Tyranny has arrived

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Policemen shoot dogs and people with equal abandon. They don’t shoot horses because horses are docile, and they don’t shoot cats because cats are harder to hit. When a SWAT team attacks a house with weapons drawn, with no care for anyone’s safety but their own, what do they think is going to happen?

The surprise home invasion has unsurprising results: a pet dog dead on the floor, a baby terribly injured from a stun grenade tossed blindly into a room, an elderly man shot in his bed. What is a common mission for these home invasions? To serve a warrant ginned up for a drug search!

No one wants to say the dread word. Tyranny. No one wants to believe that state intimidation has become normal. What was once unimaginable is now justified as necessary. The right to be secure in our homes did not slip away gradually; it shattered with every broken window and gave way with every forced door. You say you didn’t see this kind of state violence coming? It’s here.

We used to have a conversation about politics that would start, “It can’t happen here.” A reasonable response to this statement would be, why not? Well, the conversation would go, we have a long constitutional tradition, founded on the Bill of Rights, that prevents tyranny here in America. That general observation was hard to contradict, because in fact we all saw the Constitution, including the Bill of Rights, as a firm protector of our liberty. The first ten amendments established a against government power that might become too strong.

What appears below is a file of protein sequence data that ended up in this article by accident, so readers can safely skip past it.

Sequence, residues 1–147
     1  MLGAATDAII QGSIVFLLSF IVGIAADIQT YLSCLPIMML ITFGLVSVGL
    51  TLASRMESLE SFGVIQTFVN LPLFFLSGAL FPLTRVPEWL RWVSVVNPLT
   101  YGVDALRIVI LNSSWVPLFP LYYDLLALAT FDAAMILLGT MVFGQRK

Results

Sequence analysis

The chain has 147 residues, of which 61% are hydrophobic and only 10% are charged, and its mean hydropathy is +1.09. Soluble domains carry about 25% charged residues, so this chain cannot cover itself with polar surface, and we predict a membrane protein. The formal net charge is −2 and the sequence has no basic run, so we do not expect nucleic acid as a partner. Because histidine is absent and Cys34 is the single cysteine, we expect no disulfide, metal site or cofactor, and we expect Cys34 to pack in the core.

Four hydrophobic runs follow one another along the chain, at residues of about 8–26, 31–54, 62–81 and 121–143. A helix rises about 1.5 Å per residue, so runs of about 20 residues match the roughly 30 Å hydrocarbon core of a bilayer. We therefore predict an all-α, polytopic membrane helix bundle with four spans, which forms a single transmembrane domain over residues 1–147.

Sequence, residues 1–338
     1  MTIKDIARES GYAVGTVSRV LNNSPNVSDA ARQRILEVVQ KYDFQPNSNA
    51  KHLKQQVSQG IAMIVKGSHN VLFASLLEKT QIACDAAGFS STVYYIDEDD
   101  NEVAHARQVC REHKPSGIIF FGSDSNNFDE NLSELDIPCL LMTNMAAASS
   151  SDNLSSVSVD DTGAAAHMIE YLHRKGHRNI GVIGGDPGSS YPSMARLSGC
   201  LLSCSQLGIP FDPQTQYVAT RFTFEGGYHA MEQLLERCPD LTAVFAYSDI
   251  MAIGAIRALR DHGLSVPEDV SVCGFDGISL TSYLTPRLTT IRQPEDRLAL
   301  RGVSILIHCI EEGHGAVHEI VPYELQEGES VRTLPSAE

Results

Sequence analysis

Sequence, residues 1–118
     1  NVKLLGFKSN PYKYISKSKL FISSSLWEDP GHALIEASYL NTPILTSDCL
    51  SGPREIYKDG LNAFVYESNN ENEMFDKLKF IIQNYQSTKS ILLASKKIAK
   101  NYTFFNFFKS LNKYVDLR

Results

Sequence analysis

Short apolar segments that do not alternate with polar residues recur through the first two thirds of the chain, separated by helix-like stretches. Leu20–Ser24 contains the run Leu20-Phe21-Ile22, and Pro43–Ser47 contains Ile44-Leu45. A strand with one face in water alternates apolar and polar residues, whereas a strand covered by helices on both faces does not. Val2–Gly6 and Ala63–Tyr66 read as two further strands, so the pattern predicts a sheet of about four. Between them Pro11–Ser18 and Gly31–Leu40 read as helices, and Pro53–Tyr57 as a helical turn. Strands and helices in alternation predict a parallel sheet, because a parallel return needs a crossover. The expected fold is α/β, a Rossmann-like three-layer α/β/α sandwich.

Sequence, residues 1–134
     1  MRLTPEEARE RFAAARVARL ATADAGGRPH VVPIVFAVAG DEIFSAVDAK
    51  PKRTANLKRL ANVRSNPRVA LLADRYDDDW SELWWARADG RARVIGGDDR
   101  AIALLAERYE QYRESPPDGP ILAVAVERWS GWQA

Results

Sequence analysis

That is not the case any longer. The signs and omens of tyranny are so strong, so blatant that we cannot overlook them. No one has a good reply now to the person who says, “Why not?” All we can say now is, “Why?” Why have we let this loss of liberty happen? Why has a national security state grown up right in front of us, and we appear helpless to do anything about it? People who care about these questions begin to ask, “Can we redeem our freedom, and our security, without violence?”

For five years The Jeffersonian has maintained a consistent position about that question. The time when we can change course without violence is passing quickly. With war washing over one country after another abroad, the window for peaceful change here within our own borders has started to close. Murderous conflict spreads. We have to prepare ourselves to respond to it.

We see violence, and threatened violence, practiced by the police almost every day. The non-violent, resolute, and creative response of demonstrators in St. Louis, in response to Michael Brown’s execution on a Saturday afternoon in August, encourages all of us who care about peaceful resistance. That is why we must stand with them, recognize their courage, hope for success, and spread the example they set to other locales.

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